This is the worst thing you can do for your golf swing in the gym
The golf swing is one of the most precise movements in sports. It requires you to utilize every muscle in your body in a specific sequence, in specific ranges of motion, and in correct tension relationships to all of your other muscles.
When you watch the best golfers in the world swing a club, they’re not consciously thinking about each of the component parts to their swing. They just start the motion and their bodies automatically know what to do. That’s because your brain links the precise movements, tension, relationships and their timing together to help you swing with speed and efficiency, imprinting the swing itself as muscle memory.
Cool, right? But what does this process have to do with fitness?
Well, one of the biggest mistakes golfers make when they start training in the gym is to take their golf swing and add weight to it. Adding a resistance band and mimicking your golf swing might seem like a good way to add power and strength to your swing, but it can also mess with your brain’s neurological imprint of your swing.
While it might seem like adding resistance to your swing in the gym would strengthen the muscles required in the exact positions you need them to be strong, it’s actually detrimental to the movement.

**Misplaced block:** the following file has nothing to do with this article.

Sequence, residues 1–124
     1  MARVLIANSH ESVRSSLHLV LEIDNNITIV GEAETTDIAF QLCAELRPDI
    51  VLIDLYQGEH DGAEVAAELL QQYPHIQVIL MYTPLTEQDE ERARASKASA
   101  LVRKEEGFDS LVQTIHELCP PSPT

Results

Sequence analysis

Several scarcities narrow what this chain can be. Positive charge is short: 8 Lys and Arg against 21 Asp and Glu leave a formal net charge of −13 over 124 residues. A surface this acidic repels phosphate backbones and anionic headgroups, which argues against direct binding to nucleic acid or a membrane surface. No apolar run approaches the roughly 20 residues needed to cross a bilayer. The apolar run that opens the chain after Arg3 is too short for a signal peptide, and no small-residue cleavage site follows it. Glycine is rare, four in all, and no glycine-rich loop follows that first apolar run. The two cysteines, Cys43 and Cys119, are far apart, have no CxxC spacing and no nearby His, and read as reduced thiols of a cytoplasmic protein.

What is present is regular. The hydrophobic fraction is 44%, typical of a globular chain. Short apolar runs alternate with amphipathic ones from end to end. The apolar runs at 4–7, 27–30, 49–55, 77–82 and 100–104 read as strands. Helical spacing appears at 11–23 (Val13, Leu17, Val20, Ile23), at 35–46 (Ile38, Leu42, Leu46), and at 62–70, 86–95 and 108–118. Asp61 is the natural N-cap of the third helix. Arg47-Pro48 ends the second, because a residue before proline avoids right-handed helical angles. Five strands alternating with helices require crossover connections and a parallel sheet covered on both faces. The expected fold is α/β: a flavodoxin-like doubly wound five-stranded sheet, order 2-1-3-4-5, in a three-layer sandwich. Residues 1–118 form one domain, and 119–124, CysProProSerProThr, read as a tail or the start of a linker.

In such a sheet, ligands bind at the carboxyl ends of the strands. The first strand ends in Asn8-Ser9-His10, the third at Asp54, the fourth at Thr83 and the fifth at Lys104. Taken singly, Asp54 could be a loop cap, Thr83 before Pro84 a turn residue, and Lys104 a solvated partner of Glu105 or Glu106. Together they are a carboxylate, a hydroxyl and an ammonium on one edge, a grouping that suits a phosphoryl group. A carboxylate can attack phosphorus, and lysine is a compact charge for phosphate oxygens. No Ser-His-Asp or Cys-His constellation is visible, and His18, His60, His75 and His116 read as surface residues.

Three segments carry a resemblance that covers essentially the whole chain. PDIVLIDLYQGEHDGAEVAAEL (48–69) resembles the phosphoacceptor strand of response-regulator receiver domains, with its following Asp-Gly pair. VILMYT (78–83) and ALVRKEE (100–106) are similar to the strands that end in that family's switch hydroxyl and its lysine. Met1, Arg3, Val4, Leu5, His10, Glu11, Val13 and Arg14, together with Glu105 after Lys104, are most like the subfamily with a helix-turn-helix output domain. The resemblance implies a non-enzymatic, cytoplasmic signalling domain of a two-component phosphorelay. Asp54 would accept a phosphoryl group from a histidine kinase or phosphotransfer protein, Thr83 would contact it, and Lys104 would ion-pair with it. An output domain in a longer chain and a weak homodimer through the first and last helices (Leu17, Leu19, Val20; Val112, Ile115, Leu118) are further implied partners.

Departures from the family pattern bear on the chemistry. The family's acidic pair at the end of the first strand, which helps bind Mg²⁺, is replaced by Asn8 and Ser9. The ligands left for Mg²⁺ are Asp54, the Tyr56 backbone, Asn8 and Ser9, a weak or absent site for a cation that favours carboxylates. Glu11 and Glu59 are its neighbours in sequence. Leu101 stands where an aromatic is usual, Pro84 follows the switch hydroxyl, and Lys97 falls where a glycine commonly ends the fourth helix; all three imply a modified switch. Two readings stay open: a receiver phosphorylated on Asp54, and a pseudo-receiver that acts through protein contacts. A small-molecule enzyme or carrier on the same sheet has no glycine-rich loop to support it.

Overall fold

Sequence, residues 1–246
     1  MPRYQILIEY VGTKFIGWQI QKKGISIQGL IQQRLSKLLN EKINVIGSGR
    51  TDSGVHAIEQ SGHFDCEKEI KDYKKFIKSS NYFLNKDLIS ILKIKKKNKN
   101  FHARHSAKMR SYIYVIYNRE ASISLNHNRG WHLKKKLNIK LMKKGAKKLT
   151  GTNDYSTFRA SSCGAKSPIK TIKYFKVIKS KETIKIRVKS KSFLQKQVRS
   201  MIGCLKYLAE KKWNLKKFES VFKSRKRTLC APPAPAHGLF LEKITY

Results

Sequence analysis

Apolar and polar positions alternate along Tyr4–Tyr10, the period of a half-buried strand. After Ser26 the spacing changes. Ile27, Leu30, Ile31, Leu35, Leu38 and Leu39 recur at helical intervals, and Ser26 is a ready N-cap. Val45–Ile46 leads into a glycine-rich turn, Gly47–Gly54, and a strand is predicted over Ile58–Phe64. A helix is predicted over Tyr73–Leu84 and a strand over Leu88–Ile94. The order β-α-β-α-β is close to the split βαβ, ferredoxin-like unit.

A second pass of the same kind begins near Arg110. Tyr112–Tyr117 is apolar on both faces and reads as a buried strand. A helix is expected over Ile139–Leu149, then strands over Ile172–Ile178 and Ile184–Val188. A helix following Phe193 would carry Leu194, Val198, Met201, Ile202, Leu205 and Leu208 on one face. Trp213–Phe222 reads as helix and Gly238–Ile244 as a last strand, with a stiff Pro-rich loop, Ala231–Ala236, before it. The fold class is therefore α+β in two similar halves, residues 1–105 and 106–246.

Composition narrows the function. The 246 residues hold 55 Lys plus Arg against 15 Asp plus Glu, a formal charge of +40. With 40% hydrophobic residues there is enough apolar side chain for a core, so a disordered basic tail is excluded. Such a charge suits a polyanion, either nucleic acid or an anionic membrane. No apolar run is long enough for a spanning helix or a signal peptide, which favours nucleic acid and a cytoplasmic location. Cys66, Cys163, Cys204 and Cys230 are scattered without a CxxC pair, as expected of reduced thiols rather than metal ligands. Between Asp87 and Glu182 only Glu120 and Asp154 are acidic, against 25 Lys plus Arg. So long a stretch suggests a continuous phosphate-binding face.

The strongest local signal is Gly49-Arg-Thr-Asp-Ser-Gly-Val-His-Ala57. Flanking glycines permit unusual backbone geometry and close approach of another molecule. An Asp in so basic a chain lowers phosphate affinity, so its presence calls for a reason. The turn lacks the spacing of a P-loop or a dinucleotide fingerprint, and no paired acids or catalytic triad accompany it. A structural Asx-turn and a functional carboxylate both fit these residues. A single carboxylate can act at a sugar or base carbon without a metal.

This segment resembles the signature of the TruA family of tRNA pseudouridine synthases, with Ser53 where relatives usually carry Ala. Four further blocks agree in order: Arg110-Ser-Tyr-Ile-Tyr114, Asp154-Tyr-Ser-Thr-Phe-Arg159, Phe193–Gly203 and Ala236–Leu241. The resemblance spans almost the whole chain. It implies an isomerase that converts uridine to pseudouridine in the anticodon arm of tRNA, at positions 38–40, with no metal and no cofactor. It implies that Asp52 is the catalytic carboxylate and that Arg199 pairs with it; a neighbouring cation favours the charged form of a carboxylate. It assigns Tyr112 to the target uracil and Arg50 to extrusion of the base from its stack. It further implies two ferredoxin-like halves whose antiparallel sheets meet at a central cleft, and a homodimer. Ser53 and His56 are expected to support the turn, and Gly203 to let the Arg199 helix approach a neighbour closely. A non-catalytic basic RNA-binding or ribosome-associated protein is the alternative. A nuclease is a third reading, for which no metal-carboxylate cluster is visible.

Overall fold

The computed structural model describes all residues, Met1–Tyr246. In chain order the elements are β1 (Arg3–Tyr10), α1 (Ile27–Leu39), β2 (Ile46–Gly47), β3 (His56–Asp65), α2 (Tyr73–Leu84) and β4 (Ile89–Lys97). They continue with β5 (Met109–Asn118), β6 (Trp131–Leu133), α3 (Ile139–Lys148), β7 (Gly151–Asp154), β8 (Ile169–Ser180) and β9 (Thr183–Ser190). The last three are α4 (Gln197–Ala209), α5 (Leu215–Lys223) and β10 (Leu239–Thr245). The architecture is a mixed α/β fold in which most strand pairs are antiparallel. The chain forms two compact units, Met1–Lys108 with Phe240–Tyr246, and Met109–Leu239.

Adding weight to the golf swing changes the entire sequence and balance of the movement to accommodate the added resistance. It might look like your golf swing in the mirror, but you’ll wind up sending your brain mixed signals about the timing and sequence of your swing. Your brain then confuses the two sequences, so even though the muscles may be physically stronger, the movement is more inefficient.
The best way to train for golf, and all sports, is to train in ways that activate and encourage the correct muscles to fire without mimicking your golf swing.
For golfers, deadlifting activates the glutes and encourages more athletic movements to be initiated from the hips. It also creates a more stable base for your swing, helps correct early extension and encourages hip first rotation.
A split-stance single-arm cable decline chest press trains stability in the lower body and transfer of force in the core while the upper body rotates and presses. This translates to lower body and core stability in your golf swing, as well as encourages upper and lower body separation which is critical for a good golf swing.
Neither of these exercises look like your golf swing, but they will have an immediate positive impact on your game.
If you want to reap the rewards of training for golf, you have to use movements that disassociate the gym movement from your swing in your brain. You’ll get all the benefits of your workout without confusing your brain and messing up your actual golf swing.